Wednesday - June 04, 2008
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By Steven C. Wheelwright
President Brigham Young University Hawaii
I am fortunate to be president of an institution of higher learning that embraces both spiritual as well as secular learning. At Brigham Young University Hawaii, we believe in the “whole person” educational experience: that both spiritual as well as intellectual learning benefit mankind. We want to prepare young men and young women to be leaders in their homes, their communities and their professions, and we believe that requires educating for a lifetime of learning on multiple dimensions.
Over the past 25 years, my academic efforts along with those of several close Harvard colleagues have focused on the world of innovation and discovery. I have come to see three main challenges of higher education through the lens of innovation and product development.
The first of these challenges follows directly from the ever-expanding knowledge base in all the fields and disciplines with which we are concerned. Much of this is the result of the inspired and inspiring efforts of the researchers located within universities around the globe.
Almost daily we hear of the discovery and refinement of new and exciting knowledge, which deepens our understanding of the physical and social sciences and expands the horizons of artistic endeavor. But with this progress comes greater and greater specialization within the disciplines, and the challenge of keeping up-to-date both individually and collectively. How do we continually refine and improve our undergraduate curriculum so that our students are prepared for the world of tomorrow?
A second challenge is that of the marketplace for our graduates - the organizations and businesses whose very existence depends on hiring graduates who are prepared to participate in practice, who can add to the effectiveness of their organization from day one, and who can continue to build on a solid educational foundation through constant, ongoing learning.
While these two challenges have major implications for departments and their faculties, they also have major implications for both general education courses as well as for upper-division work in a major. Part of the challenge arises because the dominant organization in universities is functional, yet the market wants graduates who can bring integrated knowledge to bear on a diverse set of conditions and provide solutions to complex problems. The core strength of the university - deep functional expertise in multiple disciplines - appears to work against the integration that potential employers seek.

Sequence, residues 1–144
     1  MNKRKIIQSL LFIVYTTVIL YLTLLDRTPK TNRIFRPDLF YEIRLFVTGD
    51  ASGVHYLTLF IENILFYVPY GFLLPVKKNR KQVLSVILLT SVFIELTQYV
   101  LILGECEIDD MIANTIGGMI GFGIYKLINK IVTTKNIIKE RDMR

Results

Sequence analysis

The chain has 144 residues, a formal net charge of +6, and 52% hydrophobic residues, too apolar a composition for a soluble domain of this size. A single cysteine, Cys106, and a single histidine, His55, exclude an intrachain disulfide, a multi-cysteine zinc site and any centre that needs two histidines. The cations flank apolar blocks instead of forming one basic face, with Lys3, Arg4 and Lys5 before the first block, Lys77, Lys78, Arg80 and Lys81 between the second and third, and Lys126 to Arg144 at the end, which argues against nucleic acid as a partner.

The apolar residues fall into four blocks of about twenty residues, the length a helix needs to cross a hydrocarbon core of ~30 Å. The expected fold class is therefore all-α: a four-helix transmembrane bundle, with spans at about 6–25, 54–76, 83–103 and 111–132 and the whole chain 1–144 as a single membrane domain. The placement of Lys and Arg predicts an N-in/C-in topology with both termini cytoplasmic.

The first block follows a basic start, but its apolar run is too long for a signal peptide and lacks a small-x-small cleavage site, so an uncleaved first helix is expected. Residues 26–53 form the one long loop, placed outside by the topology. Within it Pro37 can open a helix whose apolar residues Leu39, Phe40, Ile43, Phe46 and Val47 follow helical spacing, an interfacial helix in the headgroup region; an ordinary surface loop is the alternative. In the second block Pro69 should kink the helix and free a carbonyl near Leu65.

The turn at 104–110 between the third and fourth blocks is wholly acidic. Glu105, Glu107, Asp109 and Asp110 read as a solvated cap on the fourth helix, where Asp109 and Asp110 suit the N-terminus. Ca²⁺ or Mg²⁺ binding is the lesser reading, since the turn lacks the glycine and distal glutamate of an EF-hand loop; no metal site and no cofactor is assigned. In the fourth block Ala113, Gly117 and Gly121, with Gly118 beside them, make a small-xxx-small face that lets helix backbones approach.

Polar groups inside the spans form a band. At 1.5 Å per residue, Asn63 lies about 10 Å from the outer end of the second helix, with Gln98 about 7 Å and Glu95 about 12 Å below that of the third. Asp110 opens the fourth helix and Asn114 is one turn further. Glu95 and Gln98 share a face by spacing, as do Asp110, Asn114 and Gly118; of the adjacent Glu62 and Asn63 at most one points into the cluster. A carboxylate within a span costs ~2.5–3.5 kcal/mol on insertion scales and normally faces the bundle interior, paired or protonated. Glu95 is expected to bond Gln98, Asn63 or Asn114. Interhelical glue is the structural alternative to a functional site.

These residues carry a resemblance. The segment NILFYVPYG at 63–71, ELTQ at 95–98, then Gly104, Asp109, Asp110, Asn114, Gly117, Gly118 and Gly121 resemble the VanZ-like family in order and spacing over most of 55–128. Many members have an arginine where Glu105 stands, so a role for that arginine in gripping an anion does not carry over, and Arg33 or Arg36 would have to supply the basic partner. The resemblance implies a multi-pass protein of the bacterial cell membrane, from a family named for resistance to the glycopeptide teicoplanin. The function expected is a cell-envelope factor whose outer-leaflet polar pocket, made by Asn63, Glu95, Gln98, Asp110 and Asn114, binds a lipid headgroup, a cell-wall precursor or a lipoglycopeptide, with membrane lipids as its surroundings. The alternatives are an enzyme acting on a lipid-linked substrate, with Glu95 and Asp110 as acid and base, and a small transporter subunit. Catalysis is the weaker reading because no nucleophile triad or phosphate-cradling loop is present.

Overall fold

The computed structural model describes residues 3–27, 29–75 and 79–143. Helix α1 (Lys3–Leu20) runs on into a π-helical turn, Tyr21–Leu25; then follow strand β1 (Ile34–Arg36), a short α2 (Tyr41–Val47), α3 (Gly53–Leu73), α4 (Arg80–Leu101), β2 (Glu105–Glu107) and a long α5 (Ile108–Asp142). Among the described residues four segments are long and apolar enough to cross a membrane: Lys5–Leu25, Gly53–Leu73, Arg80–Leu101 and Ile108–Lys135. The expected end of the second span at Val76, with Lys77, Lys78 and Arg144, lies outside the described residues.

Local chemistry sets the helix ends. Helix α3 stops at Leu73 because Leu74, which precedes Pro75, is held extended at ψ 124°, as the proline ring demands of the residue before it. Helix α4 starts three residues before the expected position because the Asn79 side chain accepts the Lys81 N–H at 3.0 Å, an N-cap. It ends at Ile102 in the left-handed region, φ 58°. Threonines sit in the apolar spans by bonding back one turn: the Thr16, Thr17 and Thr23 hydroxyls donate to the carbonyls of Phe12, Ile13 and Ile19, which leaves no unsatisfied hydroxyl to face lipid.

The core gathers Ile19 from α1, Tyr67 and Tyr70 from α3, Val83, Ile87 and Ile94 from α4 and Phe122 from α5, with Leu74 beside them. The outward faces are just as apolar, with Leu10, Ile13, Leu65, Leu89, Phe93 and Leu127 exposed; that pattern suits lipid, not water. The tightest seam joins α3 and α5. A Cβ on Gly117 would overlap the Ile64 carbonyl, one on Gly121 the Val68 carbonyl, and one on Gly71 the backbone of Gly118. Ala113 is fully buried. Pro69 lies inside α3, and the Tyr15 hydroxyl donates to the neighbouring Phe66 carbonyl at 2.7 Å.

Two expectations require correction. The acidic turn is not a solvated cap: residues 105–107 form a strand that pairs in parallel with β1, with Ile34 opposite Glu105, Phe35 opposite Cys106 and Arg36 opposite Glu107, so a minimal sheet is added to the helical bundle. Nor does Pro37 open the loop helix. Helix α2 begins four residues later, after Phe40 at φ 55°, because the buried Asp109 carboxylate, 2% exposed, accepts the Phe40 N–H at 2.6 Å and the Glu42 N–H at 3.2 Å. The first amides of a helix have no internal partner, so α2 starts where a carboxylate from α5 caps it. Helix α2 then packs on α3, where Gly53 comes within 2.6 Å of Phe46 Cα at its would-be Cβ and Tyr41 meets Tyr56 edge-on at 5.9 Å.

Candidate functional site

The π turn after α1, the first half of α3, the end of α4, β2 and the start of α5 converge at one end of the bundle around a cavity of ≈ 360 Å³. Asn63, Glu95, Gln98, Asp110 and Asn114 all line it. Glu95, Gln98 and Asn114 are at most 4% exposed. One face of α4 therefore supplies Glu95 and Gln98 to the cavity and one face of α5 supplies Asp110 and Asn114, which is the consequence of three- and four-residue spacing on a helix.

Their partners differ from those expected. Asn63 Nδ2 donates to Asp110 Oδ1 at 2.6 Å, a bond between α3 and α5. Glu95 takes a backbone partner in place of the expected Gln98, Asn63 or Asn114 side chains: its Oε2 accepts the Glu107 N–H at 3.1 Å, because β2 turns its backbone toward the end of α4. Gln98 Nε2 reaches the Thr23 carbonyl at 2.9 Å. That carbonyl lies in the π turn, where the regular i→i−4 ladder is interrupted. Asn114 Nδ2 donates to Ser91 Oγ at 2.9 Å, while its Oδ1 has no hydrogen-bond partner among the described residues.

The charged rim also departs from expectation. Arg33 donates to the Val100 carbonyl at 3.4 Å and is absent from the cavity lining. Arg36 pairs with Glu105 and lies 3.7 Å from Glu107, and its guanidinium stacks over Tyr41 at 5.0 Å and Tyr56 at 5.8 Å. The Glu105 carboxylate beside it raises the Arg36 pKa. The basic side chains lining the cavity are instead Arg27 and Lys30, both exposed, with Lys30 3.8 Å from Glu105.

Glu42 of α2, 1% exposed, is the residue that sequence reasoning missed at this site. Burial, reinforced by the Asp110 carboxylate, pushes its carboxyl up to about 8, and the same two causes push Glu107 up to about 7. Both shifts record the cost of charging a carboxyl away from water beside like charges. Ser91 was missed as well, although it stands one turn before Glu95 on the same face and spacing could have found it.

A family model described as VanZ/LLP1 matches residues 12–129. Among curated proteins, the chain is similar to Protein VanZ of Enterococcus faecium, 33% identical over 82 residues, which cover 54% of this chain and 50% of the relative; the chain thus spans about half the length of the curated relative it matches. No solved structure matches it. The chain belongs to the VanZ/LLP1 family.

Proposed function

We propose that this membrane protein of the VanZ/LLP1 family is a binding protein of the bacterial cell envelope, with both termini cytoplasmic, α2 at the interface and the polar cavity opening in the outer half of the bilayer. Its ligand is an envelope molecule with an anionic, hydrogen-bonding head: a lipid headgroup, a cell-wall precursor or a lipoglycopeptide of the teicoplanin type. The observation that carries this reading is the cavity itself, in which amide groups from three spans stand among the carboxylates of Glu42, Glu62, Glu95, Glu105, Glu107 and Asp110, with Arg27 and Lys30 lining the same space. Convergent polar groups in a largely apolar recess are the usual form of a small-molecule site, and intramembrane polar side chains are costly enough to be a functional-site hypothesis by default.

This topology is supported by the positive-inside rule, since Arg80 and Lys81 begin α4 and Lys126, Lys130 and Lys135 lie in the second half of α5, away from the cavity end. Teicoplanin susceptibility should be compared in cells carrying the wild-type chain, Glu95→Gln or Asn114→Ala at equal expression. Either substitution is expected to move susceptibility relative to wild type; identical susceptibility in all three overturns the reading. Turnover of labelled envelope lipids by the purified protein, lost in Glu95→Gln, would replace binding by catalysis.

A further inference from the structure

And let me just mention a third challenge that undergraduate programs are wrestling with: the question of pedagogy and how to make teaching and learning more engaging and relevant to students. Through a variety of new technologies and innovations, the world is discovering new ways of communicating, learning and working together. Fast disappearing is the day of the traditional education model of a learned professor lecturing to a class with the dominant information flow being one way.
We are seeking answers to the challenges. I firmly believe that much of what has been learned in recent decades regarding innovation and the development of new products and services may be useful. I also believe that we can receive inspiration and insights to go along with our dedicated intellectual work as we more fully engage our students and those who will hire them.
We can be both excellent and distinctive in doing this work. In fact, given our scale and resources, I believe the only way we can accomplish this is by integrating the best of secular learning with the best of spiritual learning and insight. That’s a major reason why I’m here in Laie. Through effective organization and innovative efforts on the part of both faculty and staff, I believe we can significantly raise the quality of the educational experience we provide while lowering the cost per student.
These challenges make it a particularly exciting time to be a part of Brigham Young University Hawaii.
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